He took part in the war against the Hussites, but became estranged from Sigismund when in 1423 the king invested Frederick of Wettin, margrave of Meissen, with the vacant electoral duchy of Saxe-Wittenberg.
His mother, Dorothea of Saxe-Lauenburg, was the elder sister of Catherine, the first wife of Gustavus Vasa and the mother of Eric XIV.
Here in 1.793 the Austrians under Frederick of Saxe-Coburg and Clerfayt defeated the French under Dumouriez.
Just outside the town rises the Moritzburg, built in 1564 by the dukes of Saxe-Zeitz, on the site of the bishop's palace; it is now a reformatory and poorhouse.
From 1653 till 1718 Zeitz was the capital of the dukes of Saxe-Zeitz or Sachsen-Zeitz.
Another attempt by the Lorraine family to reconquer their duchy was thus foiled, and at the same time a second imperial army under the duke of Saxe-Eisenach, which had crossed the Rhine by Philipsburg, was shut up in an island of the Rhine and forced to make terms with the French.
A large reinforcement sent by the duke of Lorraine to the assistance of Saxe-Eisenach was completely defeated by Crequi in the battle of Kochersberg near Strassburg (October 7th) and the marshal followed up his successes by the capture of Freiburg on the 14th of November.
Pressure was put by the German powers on Charles Augustus, grand-duke of Saxe-Weimar, in whose dominions Jena university was situated, to reprove and dismiss the offenders.
CHARLES ALBERT [CARLO ALBERTO] (1798-1849), king of Sardinia (Piedmont), son of Prince Charles of Savoy-Carignano and Princess Albertine of Saxe-Courland, was born on the 2nd of October 1798, a few days before the French occupied Piedmont and forced his cousin King Charles Emmanuel to take refuge in Sardinia.
But the fiery Duke Bernhard of Saxe-Weimar took up the command and ordered a fresh advance.
In the first, which was fought on the 5th and 6th of September 1634, the hitherto invincible Swedish army, commanded by Duke Bernhard of Saxe Weimar and Marshal Horn, was defeated with great loss by a somewhat superior army of Imperialists and Spaniards under General Gallas, Horn and 3000 men being made prisoners and 6000 killed or mortally wounded.
WEIMAR, a city of Germany, the capital of the grand-duchy of Saxe-Weimar-Eisenach.
It contains the tombs of the princes of the house of Saxe-Weimar, including those of the elector John Frederick the Magnanimous and his wife, and of Duke Bernhard of Weimar, a hero of the Thirty Years' War.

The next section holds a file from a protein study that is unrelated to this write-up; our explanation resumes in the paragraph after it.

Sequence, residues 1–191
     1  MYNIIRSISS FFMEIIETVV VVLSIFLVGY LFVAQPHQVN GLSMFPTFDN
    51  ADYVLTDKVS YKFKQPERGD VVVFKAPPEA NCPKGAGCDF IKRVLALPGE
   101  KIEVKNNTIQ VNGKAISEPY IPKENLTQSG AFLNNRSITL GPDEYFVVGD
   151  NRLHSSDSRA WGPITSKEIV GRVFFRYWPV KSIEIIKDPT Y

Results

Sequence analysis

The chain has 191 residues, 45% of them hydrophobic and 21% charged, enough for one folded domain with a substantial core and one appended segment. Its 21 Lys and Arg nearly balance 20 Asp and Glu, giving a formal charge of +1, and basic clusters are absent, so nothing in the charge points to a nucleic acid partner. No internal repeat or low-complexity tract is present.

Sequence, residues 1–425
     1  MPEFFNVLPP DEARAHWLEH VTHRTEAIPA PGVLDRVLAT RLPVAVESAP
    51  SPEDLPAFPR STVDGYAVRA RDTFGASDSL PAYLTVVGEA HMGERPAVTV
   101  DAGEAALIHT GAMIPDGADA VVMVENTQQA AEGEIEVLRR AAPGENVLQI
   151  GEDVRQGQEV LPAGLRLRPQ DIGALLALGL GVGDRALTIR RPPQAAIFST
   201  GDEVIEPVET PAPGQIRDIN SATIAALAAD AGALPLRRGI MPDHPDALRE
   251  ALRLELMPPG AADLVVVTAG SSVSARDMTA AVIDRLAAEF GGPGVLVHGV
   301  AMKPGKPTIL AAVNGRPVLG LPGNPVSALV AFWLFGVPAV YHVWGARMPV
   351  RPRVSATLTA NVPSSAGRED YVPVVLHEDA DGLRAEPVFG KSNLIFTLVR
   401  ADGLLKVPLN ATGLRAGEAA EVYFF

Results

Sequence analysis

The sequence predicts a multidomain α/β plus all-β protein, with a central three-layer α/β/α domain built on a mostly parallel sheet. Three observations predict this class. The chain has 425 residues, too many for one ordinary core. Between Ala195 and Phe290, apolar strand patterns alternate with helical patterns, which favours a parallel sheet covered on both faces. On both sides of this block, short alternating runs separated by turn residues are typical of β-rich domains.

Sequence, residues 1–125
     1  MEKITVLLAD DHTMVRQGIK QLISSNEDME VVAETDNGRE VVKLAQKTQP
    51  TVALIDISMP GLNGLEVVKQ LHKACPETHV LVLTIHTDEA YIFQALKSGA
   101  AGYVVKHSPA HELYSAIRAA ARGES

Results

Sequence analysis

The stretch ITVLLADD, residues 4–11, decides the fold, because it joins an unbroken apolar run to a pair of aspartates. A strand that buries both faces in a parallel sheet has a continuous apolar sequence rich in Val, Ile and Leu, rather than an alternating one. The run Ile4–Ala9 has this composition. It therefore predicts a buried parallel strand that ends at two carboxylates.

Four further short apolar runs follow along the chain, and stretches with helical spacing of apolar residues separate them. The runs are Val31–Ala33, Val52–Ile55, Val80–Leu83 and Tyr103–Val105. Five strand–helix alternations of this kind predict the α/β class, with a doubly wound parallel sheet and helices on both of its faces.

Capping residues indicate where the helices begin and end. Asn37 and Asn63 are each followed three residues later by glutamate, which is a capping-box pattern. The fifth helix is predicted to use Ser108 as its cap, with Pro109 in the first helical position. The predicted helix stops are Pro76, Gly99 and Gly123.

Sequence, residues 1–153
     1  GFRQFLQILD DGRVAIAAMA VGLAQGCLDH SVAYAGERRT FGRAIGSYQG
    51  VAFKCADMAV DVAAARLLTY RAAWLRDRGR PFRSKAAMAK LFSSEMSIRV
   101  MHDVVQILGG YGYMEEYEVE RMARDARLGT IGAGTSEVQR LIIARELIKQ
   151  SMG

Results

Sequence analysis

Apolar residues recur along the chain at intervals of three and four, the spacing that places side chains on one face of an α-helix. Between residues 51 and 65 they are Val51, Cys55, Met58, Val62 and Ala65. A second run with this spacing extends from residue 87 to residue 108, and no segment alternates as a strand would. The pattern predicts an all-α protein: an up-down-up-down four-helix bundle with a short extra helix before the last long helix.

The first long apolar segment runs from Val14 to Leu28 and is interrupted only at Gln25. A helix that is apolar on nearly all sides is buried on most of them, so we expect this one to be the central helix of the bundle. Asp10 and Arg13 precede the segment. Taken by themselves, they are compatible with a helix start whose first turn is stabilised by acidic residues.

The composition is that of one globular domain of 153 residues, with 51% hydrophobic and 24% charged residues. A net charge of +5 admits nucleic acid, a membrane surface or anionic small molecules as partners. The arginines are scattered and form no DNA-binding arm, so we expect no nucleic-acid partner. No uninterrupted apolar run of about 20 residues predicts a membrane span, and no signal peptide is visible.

The most celebrated of these struggles is the one known as the Hildesheimer Stiftsfehde, which broke out early in the 16th century when John, duke of Saxe-Lauenburg, was bishop. At first the bishop and his allies were successful, but in 1521 the king of Denmark and the duke of Brunswick overran his lands and in 1523 he made peace, surrendering nearly all his possessions.
And, with the exception of the two small exclaves of Ziegelheim in Saxe-Altenburg and Liebschwitz on the border of the principality of Reuss, it forms a compact whole of a triangular shape, its base extending from N.E.
The crown is hereditary in the Albertine line of the house of Wettin, with reversion to the Ernestine line, of which the duke of Saxe-Weimar is now the head.
In 1423 Meissen and Thuringia were united with Saxe-Wittenberg under Frederick of Meissen, and gradually the name of Saxony spread over all the lands ruled by this prince and his descendants.
Saxe-Lauenburg was governed by John until his death in 1285, when it passed to his three sons John II., Albert III.
Died in 1412 he was succeeded by his son Eric V., who made strenuous but vain efforts to obtain the electoral duchy of Saxe-Wittenberg, which fell vacant on the death of the elector Albert III.
Several claimants to Saxe-Lauenburg thereupon appeared, the most prominent of whom were George William, duke of Luneburg-Celle, and John George III., elector of Saxony.
George William based his claim upon a treaty of mutual succession made in 1369 between his ancestor Magnus II., duke of Brunswick, and the reigning dukes of Saxe-Lauenburg.
In Saxe-Wittenberg Albert II.
A new era in the history of Saxony dates from 1423, the year when the emperor Sigismund bestowed the vacant electoral duchy of Saxe-Wittenberg upon Frederick, margrave of Meissen.
The new and more honourable title of elector of Saxony now superseded his other titles, and the name Saxony gradually spread over his other possessions, which included Meissen and Thuringia as well as Saxe-Wittenberg, and thus the earlier history of the electorate and kingdom of Saxony is the early history of the mark of Meissen, the name of which now lingers only in a solitary town on the Elbe.
Ernest, the elder brother, obtained Saxe-Wittenberg with the electoral dignity, Thuringia and the Saxon Vogtland; while Albert received Meissen, Osterland being divided between them.
Only a few scattered territories were reserved for John Frederick's sons, although these were increased by the treaty of Naumburg in 1554, and on them were founded the Ernestine duchies of Saxe-Gotha, Saxe-Weimar, Saxe-Coburg, Saxe-Meiningen and Saxe-Altenburg.
The mineral wealth of Saxe-Coburg-Gotha is insignificant, small quantities of coal, lignite, ironstone and millstone being annually raised.